Tuesday, September 22, 2009
The first time we approached the building, the only way in was down a rickety ladder, into a moat, through half a knocked out window. The second time was also through a knocked out window, but this time I was wearing boots. The amount of courage I have is largely dependent on my footwear.
We circled the building greedily. Its amazing how much you used to want to get out of this building, but once its empty, you can't get in fast enough. The basement, by the way, was absolutely terrifying. The things I am most afraid of were there in force: unsure footing, complete darkness, basements. Even going into a lit one, in daylight, takes a gathering of emotion. It's why I do laundry so reluctantly. I was weak, standing at that grate, but they pulled me through. There wasn't a choice. If Atlantis rises from its watery grave, you don't stand there nervous about stepping down off a bookshelf into the blackness. Right, you suck up and do it. Otherwise you sit outside for hours while other people get better pictures than you.
Once we made our way into the shallower hells, the dimly lit first floor with it's rows of dead lockers, I could not get up those stairs fast enough. To the windows! The day was beautiful; breezes blowing in from the broken glass, brightly painted rooms, and furniture everywhere. How could anything be scary in this light?
Doesn't it make you want to climb on everything?
Or roller skate?
People who go hunting in abandoned places are summer school archaeologists. They want to find evidence of what used to be there, a place is better if it is preserved. They marvel at every disused telephone or nurse's eye chart like it was unearthed at Pompeii. Broken chairs are delightful, torn posters delicious. Giant stuffed dogs are Mayan fucking calendars.
Question and answer cards on the floor are a bread crumb trail to happiness.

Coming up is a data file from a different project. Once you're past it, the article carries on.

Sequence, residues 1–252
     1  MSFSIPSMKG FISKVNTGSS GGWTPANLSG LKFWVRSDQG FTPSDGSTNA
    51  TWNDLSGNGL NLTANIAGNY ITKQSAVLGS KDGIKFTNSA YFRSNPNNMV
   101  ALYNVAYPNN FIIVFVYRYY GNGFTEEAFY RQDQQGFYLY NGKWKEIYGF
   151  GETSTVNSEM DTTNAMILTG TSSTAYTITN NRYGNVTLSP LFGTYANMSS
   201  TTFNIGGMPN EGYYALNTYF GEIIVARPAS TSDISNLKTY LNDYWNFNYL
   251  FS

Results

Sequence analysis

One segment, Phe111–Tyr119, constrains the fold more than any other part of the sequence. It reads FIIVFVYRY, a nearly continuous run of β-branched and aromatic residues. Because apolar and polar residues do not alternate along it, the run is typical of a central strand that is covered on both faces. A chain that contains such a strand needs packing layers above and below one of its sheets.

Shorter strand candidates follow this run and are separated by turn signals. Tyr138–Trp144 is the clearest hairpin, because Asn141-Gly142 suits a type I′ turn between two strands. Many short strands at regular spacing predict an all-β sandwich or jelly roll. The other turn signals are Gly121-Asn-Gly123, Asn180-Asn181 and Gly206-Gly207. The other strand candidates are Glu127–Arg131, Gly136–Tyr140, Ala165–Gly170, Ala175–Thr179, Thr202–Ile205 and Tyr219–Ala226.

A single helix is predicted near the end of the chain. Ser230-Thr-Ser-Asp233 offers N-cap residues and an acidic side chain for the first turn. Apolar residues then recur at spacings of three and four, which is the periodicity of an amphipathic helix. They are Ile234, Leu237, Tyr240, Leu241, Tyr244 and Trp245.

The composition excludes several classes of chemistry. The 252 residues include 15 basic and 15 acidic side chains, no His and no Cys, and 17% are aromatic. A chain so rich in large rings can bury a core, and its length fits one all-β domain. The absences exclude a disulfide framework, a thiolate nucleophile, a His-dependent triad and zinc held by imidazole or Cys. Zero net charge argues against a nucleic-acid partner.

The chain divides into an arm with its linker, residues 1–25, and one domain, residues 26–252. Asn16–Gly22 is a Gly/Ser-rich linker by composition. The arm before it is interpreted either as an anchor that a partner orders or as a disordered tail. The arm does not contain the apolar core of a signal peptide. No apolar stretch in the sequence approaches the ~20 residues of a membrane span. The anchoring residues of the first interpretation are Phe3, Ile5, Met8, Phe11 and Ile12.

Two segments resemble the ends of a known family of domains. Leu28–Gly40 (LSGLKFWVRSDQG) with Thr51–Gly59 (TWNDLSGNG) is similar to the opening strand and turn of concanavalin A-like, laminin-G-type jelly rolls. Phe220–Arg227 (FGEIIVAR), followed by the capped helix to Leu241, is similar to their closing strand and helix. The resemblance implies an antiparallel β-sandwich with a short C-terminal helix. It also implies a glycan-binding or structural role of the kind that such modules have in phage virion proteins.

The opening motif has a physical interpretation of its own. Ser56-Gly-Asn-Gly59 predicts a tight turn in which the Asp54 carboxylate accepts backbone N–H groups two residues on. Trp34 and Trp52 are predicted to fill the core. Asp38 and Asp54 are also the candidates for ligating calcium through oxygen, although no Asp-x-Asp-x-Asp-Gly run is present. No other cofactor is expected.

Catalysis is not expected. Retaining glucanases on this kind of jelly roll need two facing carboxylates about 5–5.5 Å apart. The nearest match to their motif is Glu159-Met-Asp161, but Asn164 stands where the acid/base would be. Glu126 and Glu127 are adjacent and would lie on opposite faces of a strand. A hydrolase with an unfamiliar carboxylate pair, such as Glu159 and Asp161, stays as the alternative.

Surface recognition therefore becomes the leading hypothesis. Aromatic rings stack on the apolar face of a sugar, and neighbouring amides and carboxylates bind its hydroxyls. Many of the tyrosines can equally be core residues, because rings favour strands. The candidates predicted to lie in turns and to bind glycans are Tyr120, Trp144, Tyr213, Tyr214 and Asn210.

Going into one old middle school is going into every middle school. It makes you old, young, and grabby at the same time. Every flashcard you see belongs to you and your 3rd grade math class, and so there's no compunction in picking it up. In factories there is a sense of otherness, that you weren't part of this industrial world, and therefore a proper amount of chaste respect is due. You don't just go leafing through machinery, and throwing the bits everywhere. But here you are just collecting those lost parts of your own grade school days that you've somehow misplaced, but found again.
We maintained a bit of decorum though, and left the really cool things. Because to take them all would ruin the place. If they stay where they are long enough, they will freeze there, like exhibits, glued with dust and paint chips.
Rocket Racer Test Report is a fabulous name, Tina. Also I like your car a lot. I like that it has a tail.
I also hate to read because it makes me happy. Also I hate witches cooking frogs. Or frogs about to eat witches.
Where did this sign come from exactly? Was it an encouragement note, or a reminder? And why are there not enough vocabulary game boards in my life anymore?
This makes me want a floor made entirely of colorforms.
Giant stuffed bunny.
More memories from Wilson can be found here.